If you have received notice of a complaint and would like assistance, please contact Doug MacKelcan at or 843-266-8228.  Likewise, if you have any questions in general about LLR complaints, I will be happy to speak with you.


The Georgia Court of Appeals holds Apportionment of Fault to Non-Parties Does Not Permit Apportionment of Damages

            On May 21, 2020, the Georgia Court of Appeals issued an opinion in the closely watched legal malpractice case of Alston & Bird, LLP v. Hatcher Management Holdings, LLC (“Hatcher II”).  The Court of Appeals’ construction of Georgia’s apportionment statute, O.C.G.A. § 51-12-33, may have important implications in tort litigation when defendants analyze joinder of non-parties and consider the utility of filing a notice of non-party fault.      

The Underlying Dispute

            In 2000 Maury Hatcher hired Jack Sawyer, then an Alston & Bird, LLP (“Alston”) partner, to form and represent a holding company that was intended to manage the Hatcher family real estate fortune, Hatcher Management Holdings, LLC (“HMH”).  Beginning in 2005, Maury embezzled money from HMH, taking more than $876,000 in compensation and $218,000 in distributions.  In 2008, suspecting that something was wrong, Maury’s family members asked for access to HMH’s books and records. Sawyer advised them that they had no right to any of HMH’s books and records despite clear provisions in the operating agreement stating otherwise, and he never advised them that Maury was required to make annual reports of all distributions.  On October 31, 2008, Maury redeemed his and his immediate family’s interests, paying himself $397,000 more than they were worth. In January 2009, Maury resigned as HMH’s manager, and he moved to Florida telling his family that he was effectively judgment proof.[1]

HMH’s Case Against Maury

            HMH and its members sued Maury in a separate action in 2009 alleging he breached his fiduciary duties.  In 2011, the trial court granted partial summary judgment in favor HMH finding Maury liable for breaches of his fiduciary and contractual duties under the operating agreement.  The trial court’s order was upheld on appeal.  Following a damages trial, in which Maury failed to participate, the trial court awarded over $4 million in damages.  HMH was unable to collect on that judgment.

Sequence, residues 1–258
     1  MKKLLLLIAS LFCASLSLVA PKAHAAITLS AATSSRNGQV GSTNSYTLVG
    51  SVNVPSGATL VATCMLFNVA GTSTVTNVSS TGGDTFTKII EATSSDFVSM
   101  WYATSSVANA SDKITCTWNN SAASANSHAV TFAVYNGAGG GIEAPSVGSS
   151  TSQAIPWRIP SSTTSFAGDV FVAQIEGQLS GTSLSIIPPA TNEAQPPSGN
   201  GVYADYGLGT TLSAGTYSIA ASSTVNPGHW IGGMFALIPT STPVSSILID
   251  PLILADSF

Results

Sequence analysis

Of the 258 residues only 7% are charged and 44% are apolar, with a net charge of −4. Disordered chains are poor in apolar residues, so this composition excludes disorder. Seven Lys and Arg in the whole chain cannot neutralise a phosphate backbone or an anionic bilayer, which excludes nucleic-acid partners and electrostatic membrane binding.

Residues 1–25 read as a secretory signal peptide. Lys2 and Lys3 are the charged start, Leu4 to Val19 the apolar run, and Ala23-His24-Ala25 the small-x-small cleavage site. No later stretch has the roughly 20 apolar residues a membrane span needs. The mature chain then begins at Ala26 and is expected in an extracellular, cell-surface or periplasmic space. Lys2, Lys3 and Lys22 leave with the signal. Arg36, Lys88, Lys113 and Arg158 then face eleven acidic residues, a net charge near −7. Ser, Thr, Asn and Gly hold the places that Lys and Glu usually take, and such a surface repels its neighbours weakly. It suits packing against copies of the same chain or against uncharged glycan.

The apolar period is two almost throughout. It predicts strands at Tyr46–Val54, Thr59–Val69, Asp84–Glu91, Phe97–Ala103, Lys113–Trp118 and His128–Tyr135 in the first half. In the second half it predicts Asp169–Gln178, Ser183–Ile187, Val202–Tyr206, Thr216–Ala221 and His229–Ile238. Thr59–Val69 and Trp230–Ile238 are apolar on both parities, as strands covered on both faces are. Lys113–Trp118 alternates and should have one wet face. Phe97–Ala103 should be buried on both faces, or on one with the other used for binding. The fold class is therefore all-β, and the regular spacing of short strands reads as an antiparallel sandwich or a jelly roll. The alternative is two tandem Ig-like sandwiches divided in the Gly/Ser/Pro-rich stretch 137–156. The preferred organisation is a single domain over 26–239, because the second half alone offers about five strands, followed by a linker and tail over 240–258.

HMH’S Legal Malpractice Case Against Alston

            In 2012, after HMH prevailed on summary judgment against Maury, but before the Court of Appeals affirmed the trial court, HMH sued Alston for: (1) legal malpractice; (2) breach of fiduciary duty; (3) pre-judgment interest under O.C.G.A. § 13-6-13; and (4) attorney’s fees and litigation expenses under O.C.G.A. § 13-6-11.[2]  Alston filed a notice of non-party fault under O.C.G.A. § 51-12-33 (“apportionment notice”), and in an earlier interlocutory appeal, Hatcher I, the Court of Appeals reversed the trial court’s order striking Alston’s apportionment notice.

            At trial, the jury awarded HMH $697,614 in compensatory damages, $341,831 in prejudgment interest under O.C.G.A. § 13-6-13, and $1,096,561.48 in attorney’s fees and costs under O.C.G.A. § 13-6-11, for a total award of $2,136,006.48.  The jury apportioned 60% of the fault to Maury, a non-party, 32% to Alston, and 8% to HMH.  The trial court then reduced HMH’s award to $683,522.07, 32% of the total.

Alston’s Appeal

            In Hatcher II, Alston contended that the trial court erred by denying its motion for directed verdict and motion for judgment notwithstanding the verdict on the issue of proximate cause.  Notably, Sawyer admitted at trial that if he had he advised the members of their rights in 2008, before Maury redeemed his interests under the operating agreement, the non-managing members could have detected the fraud and mitigated their damages by stopping or claiming set-offs against Maury’s October 31, 2008 redemption.  The Court of Appeals affirmed the trial court’s denial of Alston’s motions, finding that there was sufficient evidence that Sawyer’s actions were the proximate cause of HMH’s loss.

            Alston also argued that the trial court erred by allowing the jury to consider pre-judgment interest under O.C.G.A. § 13-6-13.  The Court of Appeals agreed, finding that O.C.G.A. § 13-6-13 only applies in breach of contract actions. Because HMH only asserted tort claims, breach of fiduciary duty and legal malpractice, the panel reversed the trial court’s award of pre-judgment interest.

HMH’s Cross Appeal as to Apportionment of Damages

            In its cross-appeal, HMH argued that the trial court erred by reducing all of its damages by 68%.  The Court of Appeals agreed with HMH, finding that O.C.G.A. § 51-12-33 only permitted the trial court to reduce HMH’s compensatory damages by 8% and that it did not allow any reduction in HMH’s damages for attorney’s fees and costs under O.C.G.A. § 13-6-11.